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ERIC Number: ED310463
Record Type: Non-Journal
Publication Date: 1989-Apr-1
Pages: 34
Abstractor: N/A
Reference Count: N/A
The "Ladies' Home Journal" between 1890 and 1906: The Influence of Its Crusade To Regulate Food and Drug Products.
Harris-Wheeker, Sally A.
This paper discusses how "The Ladies' Home Journal" was used by its editor, Edward Bok, in his crusade for food and drug regulation in the United States between the years 1890 and 1906, and whether these efforts were influential in bringing about the Pure Food and Drug Act of 1906. The first section describes "The Ladies' Home Journal's" crusade against the patent medicine industry--the magazine banned the industry's advertising and published a series of articles exposing the dangers of the products and the unethical sales practices employed by the manufacturers of these products. The following section examines the effectiveness of "The Journal's" campaign, finding that its primary contributions were: (1) the precedent set by its advertising ban; (2) its efforts against "Mrs. Winslow's Soothing Syrup" label, causing a more informative label and eventually leading to the elimination of morphine as an ingredient; (3) the creation of awareness in its readers, and encouragement to take action; and (4) its contribution to President Theodore Roosevelt's awareness of the issue. The third section examines other influences in the food and drug regulation campaign, arguing that it was the efforts of "The Ladies' Home Journal," combined with a plurality of other efforts, which eventually brought about the much-sought-after legislation. One hundred and two notes are included. (SR)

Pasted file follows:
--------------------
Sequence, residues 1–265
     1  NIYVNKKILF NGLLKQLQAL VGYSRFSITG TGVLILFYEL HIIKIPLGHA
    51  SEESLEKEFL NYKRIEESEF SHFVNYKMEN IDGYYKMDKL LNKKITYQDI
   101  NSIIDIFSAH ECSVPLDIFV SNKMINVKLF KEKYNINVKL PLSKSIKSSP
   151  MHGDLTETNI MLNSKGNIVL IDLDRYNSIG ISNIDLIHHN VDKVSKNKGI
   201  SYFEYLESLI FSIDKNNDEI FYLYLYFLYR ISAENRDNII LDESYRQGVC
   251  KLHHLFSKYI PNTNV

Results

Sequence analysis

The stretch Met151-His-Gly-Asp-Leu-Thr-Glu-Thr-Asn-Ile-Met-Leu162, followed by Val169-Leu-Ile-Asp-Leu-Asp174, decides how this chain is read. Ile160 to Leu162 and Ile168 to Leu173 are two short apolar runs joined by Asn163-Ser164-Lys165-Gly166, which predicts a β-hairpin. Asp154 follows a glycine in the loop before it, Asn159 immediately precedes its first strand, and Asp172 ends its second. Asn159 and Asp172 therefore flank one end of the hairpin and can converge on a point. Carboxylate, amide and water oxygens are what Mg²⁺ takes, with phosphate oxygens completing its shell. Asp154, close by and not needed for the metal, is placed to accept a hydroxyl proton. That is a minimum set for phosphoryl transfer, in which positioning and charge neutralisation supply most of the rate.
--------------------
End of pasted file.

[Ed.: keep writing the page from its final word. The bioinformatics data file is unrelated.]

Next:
Publication Type: Reports - Research; Speeches/Meeting Papers; Historical Materials
Education Level: N/A
Audience: N/A
Language: English
Sponsor: N/A
Authoring Institution: N/A